Understand The Background Of Katherine Johnson Now
Long before Hidden Figures, long before Taraji P. Henson played her in the movies, long before her standing ovation at Sunday night’s 89th Academy Awards show, Katherine Johnson was already making history.
Born in West Virginia in 1918, the young Katherine Coleman showed great talent in mathematics. She loved to count — dishes she washed, stairs she climbed — anywhere, anything. At a time when African Americans rarely went past the 8th grade because public schools refused to offer them any more education, she graduated from high school at 14 and college at 18. Her family moved more than 120 miles from their home so that Katherine and her siblings could get an education.
She graduated summa cum laude from West Virginia State College, a historically black college, in mathematics and French, and became a public school teacher, like her mother. She was mentored throughout her studies by several African American pioneers in STEM, including Angie Turner King and W.W. Schiefflin Claytor.
Several years later, she was one of three African Americans, and the only woman, selected to integrate the West Virginia University graduate program. She left shortly thereafter to start a family.
But the story didn’t end there. In the early 1950s, she heard through a family member that NASA’s predecessor, the National Advisory Committee for Aeronautics (NACA), was hiring mathematicians. Though she had established herself as an educator, Katherine still sought to pursue a career in mathematical research. When NACA’s facilities at Langley Field in Hampton, VA, hired her in 1953, that dream came true.
She was first assigned to a pool of women “human calculators,” or as Katherine herself described it, “computers who wore skirts.” They analyzed flight data and performed mathematical analyses. Then, she got called in to help a team of all-male researchers and her ability to use analytical geometry to solve problems so impressed them, she didn’t get sent back to the pool.
It took more than knowing about math to get recognized, however. The NACA facility was strictly segregated, both by race and by gender. Katherine knew she had to be assertive and aggressive just to be noticed for the work she did. Even after NACA became NASA and federal facilities were desegregated, women were not allowed to be authors on committee reports even if they did the bulk of the work. Or to attend editorial meetings. Katherine changed things on both accounts.
NASA quickly introduced digital computers to the space race, but relied on their human calculators to ensure the safety of the early astronauts. Katherine calculated the trajectory for Alan Shepard’s flight as the first American in space on May 5, 1961. When it was John Glenn’s turn to orbit the Earth on the Friendship 7 mission in 1962, he didn’t want to trust his life to NASA’s occasionally wonky computers, so he specifically requested that Johnson check the calculations.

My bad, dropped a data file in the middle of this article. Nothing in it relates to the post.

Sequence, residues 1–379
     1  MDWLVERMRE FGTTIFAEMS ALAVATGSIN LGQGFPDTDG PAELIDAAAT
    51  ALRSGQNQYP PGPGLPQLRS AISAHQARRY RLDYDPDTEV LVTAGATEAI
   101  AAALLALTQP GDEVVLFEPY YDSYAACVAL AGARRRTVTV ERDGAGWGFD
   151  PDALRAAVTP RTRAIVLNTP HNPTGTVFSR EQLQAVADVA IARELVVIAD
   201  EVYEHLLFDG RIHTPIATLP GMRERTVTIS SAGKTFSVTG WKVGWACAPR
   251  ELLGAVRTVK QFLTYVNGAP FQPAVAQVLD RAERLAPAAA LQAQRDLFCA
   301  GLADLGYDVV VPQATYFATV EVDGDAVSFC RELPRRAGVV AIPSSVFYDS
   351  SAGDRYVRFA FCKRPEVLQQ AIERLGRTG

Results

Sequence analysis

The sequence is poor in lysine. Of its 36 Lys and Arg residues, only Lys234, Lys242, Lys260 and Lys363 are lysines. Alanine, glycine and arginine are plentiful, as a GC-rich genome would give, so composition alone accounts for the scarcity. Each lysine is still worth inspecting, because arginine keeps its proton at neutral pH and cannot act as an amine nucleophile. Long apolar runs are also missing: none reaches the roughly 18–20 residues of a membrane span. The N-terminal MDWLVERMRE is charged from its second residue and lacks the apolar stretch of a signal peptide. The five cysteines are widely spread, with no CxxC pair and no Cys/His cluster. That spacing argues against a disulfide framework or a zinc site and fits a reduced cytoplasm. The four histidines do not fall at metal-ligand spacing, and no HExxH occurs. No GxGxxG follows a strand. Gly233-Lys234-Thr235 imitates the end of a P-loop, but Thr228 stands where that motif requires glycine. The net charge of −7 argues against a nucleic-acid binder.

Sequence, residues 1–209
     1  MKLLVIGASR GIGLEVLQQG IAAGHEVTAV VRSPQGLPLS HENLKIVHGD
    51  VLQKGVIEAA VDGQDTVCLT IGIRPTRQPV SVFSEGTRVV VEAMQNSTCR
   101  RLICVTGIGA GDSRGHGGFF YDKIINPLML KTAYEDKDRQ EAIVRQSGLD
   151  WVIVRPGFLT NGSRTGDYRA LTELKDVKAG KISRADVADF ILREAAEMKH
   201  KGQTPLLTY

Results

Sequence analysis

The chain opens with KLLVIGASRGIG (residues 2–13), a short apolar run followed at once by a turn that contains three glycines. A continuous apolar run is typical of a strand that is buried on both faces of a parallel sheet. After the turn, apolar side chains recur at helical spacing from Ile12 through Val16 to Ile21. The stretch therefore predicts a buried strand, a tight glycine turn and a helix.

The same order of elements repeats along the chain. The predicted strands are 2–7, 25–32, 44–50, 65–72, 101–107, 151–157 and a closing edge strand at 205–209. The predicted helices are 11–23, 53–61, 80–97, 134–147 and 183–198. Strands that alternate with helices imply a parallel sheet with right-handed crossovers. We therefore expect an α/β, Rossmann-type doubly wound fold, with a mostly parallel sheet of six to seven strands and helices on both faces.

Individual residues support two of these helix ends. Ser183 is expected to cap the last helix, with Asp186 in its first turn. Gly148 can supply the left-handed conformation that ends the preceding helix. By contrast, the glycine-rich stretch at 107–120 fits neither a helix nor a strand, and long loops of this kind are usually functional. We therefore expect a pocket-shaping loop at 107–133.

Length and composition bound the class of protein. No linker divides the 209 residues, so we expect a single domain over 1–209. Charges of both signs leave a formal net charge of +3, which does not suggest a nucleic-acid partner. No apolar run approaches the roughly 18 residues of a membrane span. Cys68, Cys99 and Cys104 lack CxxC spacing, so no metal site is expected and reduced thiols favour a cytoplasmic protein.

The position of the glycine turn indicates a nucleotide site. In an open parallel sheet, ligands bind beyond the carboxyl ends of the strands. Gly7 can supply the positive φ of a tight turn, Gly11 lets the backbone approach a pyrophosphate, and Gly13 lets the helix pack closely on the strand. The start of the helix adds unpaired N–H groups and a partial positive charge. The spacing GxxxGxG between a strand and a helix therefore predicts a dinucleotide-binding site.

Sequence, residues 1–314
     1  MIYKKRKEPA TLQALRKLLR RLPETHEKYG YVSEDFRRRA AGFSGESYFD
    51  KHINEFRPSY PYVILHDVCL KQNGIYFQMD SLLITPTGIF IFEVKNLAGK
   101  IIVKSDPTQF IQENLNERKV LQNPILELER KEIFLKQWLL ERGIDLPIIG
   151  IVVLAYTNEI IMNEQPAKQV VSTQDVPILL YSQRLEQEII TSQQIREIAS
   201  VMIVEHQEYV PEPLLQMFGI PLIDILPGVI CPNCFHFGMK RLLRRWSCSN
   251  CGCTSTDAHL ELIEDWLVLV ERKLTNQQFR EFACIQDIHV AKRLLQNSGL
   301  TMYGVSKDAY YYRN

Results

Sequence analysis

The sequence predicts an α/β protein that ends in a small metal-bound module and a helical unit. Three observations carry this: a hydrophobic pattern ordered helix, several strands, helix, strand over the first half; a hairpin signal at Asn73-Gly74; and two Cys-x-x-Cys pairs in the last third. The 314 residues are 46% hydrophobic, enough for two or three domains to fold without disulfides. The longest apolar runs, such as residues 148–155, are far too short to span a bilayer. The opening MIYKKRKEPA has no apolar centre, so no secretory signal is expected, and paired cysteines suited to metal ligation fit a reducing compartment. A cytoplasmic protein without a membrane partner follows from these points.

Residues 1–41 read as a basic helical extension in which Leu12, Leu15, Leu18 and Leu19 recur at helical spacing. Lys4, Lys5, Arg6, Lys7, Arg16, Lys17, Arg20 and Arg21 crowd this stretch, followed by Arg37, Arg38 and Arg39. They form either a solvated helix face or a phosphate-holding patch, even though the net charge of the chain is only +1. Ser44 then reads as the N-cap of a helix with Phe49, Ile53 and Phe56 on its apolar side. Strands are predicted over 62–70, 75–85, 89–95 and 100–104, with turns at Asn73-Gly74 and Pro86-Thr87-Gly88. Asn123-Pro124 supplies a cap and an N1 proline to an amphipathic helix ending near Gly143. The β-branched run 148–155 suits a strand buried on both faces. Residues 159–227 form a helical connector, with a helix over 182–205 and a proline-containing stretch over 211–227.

Katherine went on to a long career, retiring in 1986 after 33 years. She helped get the Apollo 11 to the Moon, and when the Apollo 13 mission went awry, she helped get the crew safely back to Earth.
President Barack Obama awarded her the Presidential Medal of Freedom in 2015, the nation’s highest civilian award.
Though we single Johnson out for her extraordinary talent and perseverance, Hidden Figures shows us she wasn’t alone, as a woman or as a woman of color, as a pioneer in STEM fields. Women calculators were used by government agencies as far back as 1935, when they worked on wind tunnel experiments for NACA. African-American women were hired during WWII and kept on even when the men returned from war. In the film, Octavia Spencer portrayed Dorothy Vaughn, a mathematician and NASA’s first black manager, and Janelle Monáe played Mary Jackson, considered to be the first African American female aeronautical engineer.
Their stories must continue to be told if we want to ensure that the talented girls and young women of today don’t abandon their love of numbers and science and pushing the boundaries. Girls need to take it for granted that there are Katherine Johnsons, Mae Jemisons, Sally Rides, Margaret Hamiltons and Nancy Grace Romans out there as role models. They need to take it for granted that there are women and minority teachers and colleagues and mentors and yes, even rivals out there to challenge them to be the best.
Not all heroes wear capes. But heroes are people who get the job done. Women heroes who’ve been getting the job done for a long time. We need to make sure these heroes are visible to our children so they can follow in their considerable footprints.
To the delight of girls of all ages, Lego has announced its Women of NASA figures, featuring Johnson, Jemison, Ride, Hamilton and Roman, to be available later this year or in early 2018.
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